Thanks to an initiative of Stanford's President, Gerhard Casper, in appointing a campus-wide commission to stimulate and validate the use of I.T. in teaching and learning, a commission upon which I serve, there has been a two year prototype of a new kind of professional [no. 12]. The program title is "Information Resource Specialists" and the individuals employed in the program are called "IRS Agents," a dubious distinction in America as the federal government's tax collecting agency is called the Internal Revenue Service or IRS. This hardy band of adventurers work 80% time physically located in teaching departments, evangelizing and supporting the use of I.T. for teaching, learning, and research. They have developed a number of innovative services for individual faculty and courses, some of which are visible through the web site mentioned in the accompanying list of background sources. For the remaining 20% of their time, they work together sharing experiences, successes and failures, essentially transmitting methods from one discipline or department to others. They also work as part of that 20% as part of the Academic Technology Support Service [no. 13] on the main floor of our principal service unit in academic computing, the Research and Instructional Technology Service [no. 14]. This IRS prototype has been so successful and so well received, that among the group of university officers we are now working to enlarge the program from seven IRS agents to perhaps 35 or 40, covering most of Stanford's departments. Another mark of success in this regard is the recent decision to move Residential Education Computing from the Office of Student Affairs to SUL/AIR [no. 15]. This will give us the means to project our instructional and information technology programs into each dorm and each dorm room as we have clusters in each living unit and are about 80% wired to each "pillow" in each dorm. About 95% of Stanford's students live on campus and about 80% of all Stanford students own their own computer.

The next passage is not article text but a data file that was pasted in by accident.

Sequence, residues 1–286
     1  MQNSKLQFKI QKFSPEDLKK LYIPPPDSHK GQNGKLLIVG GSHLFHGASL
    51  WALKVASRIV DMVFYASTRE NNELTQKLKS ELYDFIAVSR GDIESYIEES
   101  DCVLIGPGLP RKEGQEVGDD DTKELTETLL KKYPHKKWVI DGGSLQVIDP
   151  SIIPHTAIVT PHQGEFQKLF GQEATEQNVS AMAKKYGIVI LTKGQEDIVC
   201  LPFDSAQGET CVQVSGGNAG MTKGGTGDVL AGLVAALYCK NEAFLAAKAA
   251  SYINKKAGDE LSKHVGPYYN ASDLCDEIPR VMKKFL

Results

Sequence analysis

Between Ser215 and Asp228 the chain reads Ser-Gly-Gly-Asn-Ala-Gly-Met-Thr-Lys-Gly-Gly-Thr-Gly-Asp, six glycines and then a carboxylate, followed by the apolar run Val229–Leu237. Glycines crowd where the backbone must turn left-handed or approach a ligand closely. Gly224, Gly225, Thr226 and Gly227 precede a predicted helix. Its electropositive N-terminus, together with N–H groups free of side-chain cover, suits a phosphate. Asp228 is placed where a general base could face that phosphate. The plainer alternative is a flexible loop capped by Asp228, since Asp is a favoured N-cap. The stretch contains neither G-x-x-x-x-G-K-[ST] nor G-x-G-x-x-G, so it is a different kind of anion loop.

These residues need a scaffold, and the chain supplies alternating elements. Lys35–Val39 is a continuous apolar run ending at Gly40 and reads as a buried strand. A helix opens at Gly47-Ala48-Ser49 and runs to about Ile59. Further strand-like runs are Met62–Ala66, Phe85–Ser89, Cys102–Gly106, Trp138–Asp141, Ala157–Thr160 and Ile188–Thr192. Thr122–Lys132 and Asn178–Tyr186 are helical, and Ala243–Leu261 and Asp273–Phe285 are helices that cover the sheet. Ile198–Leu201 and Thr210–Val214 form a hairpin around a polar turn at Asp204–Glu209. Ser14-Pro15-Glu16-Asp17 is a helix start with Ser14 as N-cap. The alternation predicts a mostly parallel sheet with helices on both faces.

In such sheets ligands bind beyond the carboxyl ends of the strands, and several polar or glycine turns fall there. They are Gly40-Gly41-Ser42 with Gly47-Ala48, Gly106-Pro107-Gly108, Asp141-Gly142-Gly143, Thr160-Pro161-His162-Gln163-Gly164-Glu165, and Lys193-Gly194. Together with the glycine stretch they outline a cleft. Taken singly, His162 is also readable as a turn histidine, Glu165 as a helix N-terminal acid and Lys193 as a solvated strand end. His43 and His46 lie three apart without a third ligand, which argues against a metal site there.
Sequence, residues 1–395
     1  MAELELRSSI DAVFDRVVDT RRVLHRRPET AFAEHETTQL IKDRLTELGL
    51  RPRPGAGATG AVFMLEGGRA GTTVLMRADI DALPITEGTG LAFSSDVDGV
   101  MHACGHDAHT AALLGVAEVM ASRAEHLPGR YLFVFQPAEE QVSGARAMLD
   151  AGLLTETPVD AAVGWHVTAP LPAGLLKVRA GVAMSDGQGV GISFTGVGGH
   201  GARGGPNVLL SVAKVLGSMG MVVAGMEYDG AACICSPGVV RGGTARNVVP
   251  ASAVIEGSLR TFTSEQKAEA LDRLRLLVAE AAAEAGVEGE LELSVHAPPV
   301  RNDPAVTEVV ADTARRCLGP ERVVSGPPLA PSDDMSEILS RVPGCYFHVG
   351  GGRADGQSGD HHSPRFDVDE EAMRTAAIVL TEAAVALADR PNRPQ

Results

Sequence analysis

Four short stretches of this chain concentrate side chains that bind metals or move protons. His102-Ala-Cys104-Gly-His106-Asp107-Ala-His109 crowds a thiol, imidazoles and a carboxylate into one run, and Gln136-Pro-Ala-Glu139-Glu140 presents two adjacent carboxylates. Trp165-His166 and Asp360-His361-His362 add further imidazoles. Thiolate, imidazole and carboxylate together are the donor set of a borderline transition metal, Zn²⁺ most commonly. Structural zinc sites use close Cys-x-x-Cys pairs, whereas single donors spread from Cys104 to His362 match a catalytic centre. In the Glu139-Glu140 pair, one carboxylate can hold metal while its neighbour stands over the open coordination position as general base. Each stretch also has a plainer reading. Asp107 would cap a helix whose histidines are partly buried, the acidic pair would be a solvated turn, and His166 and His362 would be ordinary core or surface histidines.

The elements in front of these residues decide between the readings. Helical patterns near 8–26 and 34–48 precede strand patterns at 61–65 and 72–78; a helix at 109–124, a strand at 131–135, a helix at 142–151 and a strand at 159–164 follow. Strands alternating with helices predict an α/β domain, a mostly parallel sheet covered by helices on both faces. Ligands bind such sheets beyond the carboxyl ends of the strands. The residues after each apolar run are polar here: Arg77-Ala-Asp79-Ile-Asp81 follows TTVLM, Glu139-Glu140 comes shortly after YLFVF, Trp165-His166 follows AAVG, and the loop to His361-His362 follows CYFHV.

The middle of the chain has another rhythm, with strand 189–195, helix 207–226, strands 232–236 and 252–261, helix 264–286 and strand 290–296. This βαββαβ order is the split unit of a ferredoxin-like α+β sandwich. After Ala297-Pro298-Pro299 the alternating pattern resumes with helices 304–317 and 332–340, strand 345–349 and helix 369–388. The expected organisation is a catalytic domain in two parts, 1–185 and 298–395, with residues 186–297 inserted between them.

A final example, one with stunning implications for and actual experiences